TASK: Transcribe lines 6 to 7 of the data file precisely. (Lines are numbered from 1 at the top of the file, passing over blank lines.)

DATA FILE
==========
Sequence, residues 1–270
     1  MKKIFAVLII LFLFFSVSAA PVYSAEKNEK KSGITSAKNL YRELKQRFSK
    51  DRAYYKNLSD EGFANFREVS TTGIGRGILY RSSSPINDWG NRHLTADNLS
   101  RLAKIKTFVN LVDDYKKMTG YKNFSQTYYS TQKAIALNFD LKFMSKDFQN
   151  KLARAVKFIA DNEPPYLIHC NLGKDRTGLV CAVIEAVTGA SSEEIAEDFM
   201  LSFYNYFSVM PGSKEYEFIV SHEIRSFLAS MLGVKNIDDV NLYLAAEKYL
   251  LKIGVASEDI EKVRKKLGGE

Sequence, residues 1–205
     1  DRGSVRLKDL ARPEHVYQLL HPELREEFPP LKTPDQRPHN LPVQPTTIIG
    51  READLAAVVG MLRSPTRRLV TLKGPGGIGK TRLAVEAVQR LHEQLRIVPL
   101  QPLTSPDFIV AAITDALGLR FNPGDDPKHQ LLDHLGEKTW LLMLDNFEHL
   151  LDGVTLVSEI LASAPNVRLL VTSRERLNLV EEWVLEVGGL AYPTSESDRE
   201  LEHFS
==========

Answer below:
   201  LSFYNYFSVM PGSKEYEFIV SHEIRSFLAS MLGVKNIDDV NLYLAAEKYL
   251  LKIGVASEDI EKVRKKLGGE